Even in matters of simple exposition, Platzer makes hamfisted blunders. Jupiter is described as “an older, overweight, black Ben Affleck,” whereas the Marcy Projects are “space buildings for black people who’d never be educated out of them.” The real-life Bill Bratton narrates a chapter, allowing the author to show how down he is by presenting broken windows policing in a negative light. Even Ta-Nehisi Coates makes a cameo at an NYPD presser, as if to suggest that Platzer’s mere awareness of Coates lends legitimacy to his story. There’s a halfhearted biblical allegory going on between characters named Sara, Aaron, Simon, and Damien, but the book is rife with inexplicable grotesqueries: Amelia sends Aaron a Snapchat of Jupiter’s corpse, and has a flashback to laughing as the towers fell on 9/11.

The characters, black and white alike, are equally repellant and motiveless. Aaron, a selfish, impulsive lout, is somehow the most sympathetic, and his rich-people problems of work, faith, and fatherhood are afforded detail granted none of the characters of color. The scope of this 326-page book is also so absurdly ponderous that it results in hasty pencil sketches on a life-size canvas. In free moments, each of the main characters desperately seeks to patch a tattered relationship with God, until they remember they have to profile Jonah Hill for Esquire or bake a marshmallow cake for the Caribbean temptress nursing the white baby next door. There is, of course, nothing inherently wrong with domestic or religious drama, but to use black trauma as a narrative hook is cruel and disingenuous. Platzer’s exploration of millionaires’ woes is grossly inappropriate in a novel about police brutality—Simon and Amelia seek a home in Bed-Stuy as much for its amenities as, shall we say, its “color,” but the ignorant, philandering black characters are mere inconveniences and curiosities until they show up dead on the floor.

Simon & Schuster cites The Bonfire of the Vanities and Do the Right Thing as aspirational referents; Richard Price’s Lush Life is another natural touchstone given its collision of black, white, and blue upon a battleground of gentrifying New York. But the critical distinction is that these works grant dignity to the victims of urban renewal, making their flaws and anger human rather than typical. At Platzer’s hand even the perpetrators and bystanders are somehow victims, and they receive more headspace than the people getting shot and maced.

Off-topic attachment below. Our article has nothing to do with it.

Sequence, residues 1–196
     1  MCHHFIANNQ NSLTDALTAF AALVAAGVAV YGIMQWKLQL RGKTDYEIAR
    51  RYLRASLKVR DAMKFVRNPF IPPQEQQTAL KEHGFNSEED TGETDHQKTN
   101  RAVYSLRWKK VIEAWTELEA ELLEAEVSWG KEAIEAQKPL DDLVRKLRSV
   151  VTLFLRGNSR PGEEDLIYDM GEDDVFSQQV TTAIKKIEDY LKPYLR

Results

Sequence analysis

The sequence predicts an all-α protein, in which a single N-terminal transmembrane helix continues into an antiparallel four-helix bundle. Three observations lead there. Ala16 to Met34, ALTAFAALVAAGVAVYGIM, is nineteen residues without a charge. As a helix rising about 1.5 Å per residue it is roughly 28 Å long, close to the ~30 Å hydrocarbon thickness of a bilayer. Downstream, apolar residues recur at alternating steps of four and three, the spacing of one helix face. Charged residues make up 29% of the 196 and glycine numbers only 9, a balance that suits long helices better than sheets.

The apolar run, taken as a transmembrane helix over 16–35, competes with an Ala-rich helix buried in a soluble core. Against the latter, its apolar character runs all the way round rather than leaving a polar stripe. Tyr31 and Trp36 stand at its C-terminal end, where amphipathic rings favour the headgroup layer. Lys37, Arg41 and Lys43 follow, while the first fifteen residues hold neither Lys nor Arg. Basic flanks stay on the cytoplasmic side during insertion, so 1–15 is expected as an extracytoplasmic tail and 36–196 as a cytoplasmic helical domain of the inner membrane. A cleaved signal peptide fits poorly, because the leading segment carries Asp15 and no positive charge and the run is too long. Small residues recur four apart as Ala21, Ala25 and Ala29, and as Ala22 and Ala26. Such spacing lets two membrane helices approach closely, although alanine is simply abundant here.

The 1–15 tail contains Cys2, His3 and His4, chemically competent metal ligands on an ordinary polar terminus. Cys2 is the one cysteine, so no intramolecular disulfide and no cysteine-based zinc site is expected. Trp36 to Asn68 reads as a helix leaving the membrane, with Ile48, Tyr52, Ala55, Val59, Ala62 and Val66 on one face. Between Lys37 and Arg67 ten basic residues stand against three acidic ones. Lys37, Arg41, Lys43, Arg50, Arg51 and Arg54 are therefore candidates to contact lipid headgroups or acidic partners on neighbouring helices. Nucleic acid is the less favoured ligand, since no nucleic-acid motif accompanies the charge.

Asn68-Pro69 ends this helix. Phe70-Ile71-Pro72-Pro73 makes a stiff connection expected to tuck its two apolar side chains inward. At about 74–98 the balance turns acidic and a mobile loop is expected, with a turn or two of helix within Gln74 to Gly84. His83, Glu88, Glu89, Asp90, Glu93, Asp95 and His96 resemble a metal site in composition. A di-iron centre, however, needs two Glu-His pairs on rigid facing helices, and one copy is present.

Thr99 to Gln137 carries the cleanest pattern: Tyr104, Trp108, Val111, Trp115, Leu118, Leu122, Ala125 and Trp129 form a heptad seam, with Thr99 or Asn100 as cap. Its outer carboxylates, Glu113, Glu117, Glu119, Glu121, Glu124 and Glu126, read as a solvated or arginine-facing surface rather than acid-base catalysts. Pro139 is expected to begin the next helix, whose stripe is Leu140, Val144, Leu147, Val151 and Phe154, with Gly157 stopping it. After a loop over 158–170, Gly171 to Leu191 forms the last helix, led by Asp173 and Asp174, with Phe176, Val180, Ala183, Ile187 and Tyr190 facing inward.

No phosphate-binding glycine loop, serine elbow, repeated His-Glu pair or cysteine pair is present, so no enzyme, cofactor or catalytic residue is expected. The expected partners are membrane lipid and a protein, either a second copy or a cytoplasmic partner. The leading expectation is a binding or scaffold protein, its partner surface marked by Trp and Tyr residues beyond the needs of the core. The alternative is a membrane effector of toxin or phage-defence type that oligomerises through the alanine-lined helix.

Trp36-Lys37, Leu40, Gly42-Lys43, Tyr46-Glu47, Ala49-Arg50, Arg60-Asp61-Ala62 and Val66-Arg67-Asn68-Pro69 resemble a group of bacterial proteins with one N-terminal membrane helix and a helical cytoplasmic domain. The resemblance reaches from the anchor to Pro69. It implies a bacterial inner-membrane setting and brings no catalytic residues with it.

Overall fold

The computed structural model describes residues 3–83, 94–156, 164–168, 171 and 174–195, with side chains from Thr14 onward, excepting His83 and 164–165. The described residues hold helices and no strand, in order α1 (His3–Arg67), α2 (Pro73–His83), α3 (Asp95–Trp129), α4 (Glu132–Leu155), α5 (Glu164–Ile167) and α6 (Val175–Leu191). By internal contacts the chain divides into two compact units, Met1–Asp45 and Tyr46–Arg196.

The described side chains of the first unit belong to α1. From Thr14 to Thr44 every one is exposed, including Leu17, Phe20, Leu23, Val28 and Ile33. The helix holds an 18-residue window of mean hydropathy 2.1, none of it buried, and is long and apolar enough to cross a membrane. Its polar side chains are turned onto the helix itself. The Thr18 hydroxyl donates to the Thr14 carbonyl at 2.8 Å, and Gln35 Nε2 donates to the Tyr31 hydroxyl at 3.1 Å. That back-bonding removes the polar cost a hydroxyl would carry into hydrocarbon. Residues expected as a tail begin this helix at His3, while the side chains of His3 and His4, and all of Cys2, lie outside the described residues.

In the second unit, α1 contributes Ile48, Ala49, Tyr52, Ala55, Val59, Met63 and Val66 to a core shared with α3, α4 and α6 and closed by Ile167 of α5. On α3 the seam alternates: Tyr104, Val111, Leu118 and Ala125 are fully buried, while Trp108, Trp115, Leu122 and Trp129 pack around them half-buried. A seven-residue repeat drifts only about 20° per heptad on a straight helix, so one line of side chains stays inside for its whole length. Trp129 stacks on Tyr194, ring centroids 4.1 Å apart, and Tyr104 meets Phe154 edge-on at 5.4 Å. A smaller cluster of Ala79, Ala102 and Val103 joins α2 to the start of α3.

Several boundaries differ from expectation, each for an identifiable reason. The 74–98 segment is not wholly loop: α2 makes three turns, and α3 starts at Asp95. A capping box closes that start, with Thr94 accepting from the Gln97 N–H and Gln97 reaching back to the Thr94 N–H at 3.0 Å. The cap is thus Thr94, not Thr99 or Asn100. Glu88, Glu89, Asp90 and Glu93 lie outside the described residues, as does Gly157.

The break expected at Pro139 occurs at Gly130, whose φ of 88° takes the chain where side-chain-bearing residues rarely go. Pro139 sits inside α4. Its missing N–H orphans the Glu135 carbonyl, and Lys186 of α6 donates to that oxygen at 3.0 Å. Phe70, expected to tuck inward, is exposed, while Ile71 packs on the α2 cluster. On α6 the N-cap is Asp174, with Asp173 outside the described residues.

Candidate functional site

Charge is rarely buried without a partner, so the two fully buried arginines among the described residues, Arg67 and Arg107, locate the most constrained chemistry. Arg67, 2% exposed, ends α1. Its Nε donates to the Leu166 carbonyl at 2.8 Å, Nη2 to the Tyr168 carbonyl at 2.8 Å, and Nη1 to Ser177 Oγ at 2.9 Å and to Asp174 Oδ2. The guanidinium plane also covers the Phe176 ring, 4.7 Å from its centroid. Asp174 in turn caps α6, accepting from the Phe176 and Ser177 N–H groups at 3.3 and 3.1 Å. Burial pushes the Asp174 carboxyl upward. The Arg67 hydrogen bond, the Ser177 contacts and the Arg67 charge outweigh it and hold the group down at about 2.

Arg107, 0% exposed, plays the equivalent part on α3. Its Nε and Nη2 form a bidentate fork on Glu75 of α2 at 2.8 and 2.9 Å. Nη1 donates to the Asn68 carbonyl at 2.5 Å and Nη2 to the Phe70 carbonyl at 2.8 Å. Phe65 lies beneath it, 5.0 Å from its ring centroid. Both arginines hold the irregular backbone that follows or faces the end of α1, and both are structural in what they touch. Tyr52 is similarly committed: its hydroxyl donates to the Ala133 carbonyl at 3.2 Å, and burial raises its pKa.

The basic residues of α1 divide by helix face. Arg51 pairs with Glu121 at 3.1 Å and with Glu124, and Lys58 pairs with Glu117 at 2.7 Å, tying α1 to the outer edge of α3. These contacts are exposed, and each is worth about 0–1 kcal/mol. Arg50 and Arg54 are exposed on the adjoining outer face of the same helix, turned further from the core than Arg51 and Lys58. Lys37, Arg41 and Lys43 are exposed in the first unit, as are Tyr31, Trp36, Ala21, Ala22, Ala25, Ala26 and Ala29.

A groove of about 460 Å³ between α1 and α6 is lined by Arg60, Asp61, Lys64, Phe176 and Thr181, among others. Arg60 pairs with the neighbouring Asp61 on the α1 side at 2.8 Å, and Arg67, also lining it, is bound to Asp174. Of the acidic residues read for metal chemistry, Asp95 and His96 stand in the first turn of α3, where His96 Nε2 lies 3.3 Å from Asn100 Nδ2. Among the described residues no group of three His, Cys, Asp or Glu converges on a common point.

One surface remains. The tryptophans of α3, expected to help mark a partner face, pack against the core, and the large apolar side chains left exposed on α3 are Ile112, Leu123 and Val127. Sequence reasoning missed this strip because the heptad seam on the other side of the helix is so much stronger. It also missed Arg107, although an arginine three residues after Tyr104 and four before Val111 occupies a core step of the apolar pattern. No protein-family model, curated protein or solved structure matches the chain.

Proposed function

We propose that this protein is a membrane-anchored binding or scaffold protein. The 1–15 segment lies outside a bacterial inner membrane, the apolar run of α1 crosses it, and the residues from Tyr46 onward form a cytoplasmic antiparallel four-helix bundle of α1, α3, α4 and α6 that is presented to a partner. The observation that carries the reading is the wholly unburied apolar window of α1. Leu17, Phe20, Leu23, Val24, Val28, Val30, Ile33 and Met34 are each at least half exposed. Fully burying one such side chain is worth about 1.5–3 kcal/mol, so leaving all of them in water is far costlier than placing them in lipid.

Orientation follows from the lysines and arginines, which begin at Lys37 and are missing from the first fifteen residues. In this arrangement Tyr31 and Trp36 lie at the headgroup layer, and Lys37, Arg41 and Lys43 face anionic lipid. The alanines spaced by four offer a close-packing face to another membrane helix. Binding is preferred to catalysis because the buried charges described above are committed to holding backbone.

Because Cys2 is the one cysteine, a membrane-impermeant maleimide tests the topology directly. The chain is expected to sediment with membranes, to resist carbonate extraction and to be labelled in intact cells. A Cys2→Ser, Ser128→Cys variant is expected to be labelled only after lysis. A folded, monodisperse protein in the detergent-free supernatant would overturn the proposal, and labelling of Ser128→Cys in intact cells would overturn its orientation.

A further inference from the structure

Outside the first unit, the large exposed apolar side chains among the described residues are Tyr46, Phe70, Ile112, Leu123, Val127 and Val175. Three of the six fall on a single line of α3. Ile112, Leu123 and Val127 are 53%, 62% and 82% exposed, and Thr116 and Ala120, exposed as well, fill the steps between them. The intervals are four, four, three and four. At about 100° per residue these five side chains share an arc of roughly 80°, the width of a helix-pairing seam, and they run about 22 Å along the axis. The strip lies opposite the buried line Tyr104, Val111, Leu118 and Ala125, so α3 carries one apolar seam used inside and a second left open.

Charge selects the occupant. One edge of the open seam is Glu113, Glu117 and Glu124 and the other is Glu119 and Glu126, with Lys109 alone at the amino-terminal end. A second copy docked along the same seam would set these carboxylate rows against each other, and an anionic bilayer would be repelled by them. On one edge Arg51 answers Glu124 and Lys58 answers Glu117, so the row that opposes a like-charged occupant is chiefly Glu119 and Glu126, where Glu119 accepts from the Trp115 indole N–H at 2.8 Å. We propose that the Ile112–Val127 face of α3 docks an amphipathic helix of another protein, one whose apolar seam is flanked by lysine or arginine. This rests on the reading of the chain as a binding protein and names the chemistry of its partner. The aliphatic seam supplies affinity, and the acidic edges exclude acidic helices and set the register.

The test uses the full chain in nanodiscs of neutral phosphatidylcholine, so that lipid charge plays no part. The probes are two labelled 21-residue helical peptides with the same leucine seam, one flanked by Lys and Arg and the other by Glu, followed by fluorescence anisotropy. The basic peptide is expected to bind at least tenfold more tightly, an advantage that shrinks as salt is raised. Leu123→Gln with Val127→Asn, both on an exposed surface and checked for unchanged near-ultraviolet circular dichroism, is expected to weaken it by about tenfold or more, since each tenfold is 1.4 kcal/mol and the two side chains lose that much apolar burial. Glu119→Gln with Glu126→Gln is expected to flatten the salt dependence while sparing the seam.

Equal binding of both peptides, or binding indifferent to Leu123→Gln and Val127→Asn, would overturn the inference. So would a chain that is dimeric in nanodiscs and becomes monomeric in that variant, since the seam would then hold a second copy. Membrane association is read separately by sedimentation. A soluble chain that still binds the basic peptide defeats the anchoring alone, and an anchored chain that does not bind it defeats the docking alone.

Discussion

Tom Wolfe and Richard Price’s cities can feel counterfeit, too—as writers, they’re far too self-impressed and self-obsessed, with far too much youth and hip-hop and humanity bastardized by their old white keyboards. But not unlike a good sci-fi universe, their books clearly establish logical and ethical consistencies, stakes and rules which allow for controlled, resonant experiments in a literary lab environment. In Wolfe’s city, everyone is his own brand of lurid, self-interested thief, each character’s success to that end dictated by the footholds of his birth. When Price turns his gaze upon a lockup, classroom, or subway car, he sees basically good, even heroic people effectively robbed of free will. In Bed-Stuy Is Burning, Platzer looks at the garish megalopolis that produced both Donald Trump and Eric Garner but can’t even bring himself to posit that level of moral ambiguity. His is a blind, valueless sweepstakes: many will enter, few will win.

The most dramatic scenes of Bed-Stuy Is Burning present a garbled treatise on fatalism and free will. When rioters besiege the brownstone, Antoinette envelops the baby in religious texts and rapturously declares, “We decide our own lives!” Commissioner Bratton, on the other hand, “judged a man by what that man could control, and and a man could not control his thoughts, and a man could not control the color of his skin or the religion he was born into.” During her hostage negotiation, Amelia shoots at Sara with a borrowed gun, hugs her, and attempts to bribe her in quick succession. After shooting one of the rioters outside, the gun-crazy neighbor from downstairs contemplates quitting his job at a private university to teach at a public school: “If he had the confidence to shoot one of them, he should be able to teach them with confidence—confidence that he was sure their other white teachers lacked,” as if African-Americans were puppies who could be cycled through obedience school.

Gentrification is an issue which fully merits a novel’s documentation and consideration; it is, in many respects, the story of our modern cities. But with Bed-Stuy Is Burning, Platzer uses the infamous deaths of Tamir Rice and Sean Bell as hooks for a meditation on Jewish-American guilt. His black characters are impetuous, haphazard, and unorganized, so incapable of examining or articulating their own motives that they need white people to do it for them. But ultimately, like his protagonists, Platzer can’t help but throw up his hands in a gesture of All Lives Matter.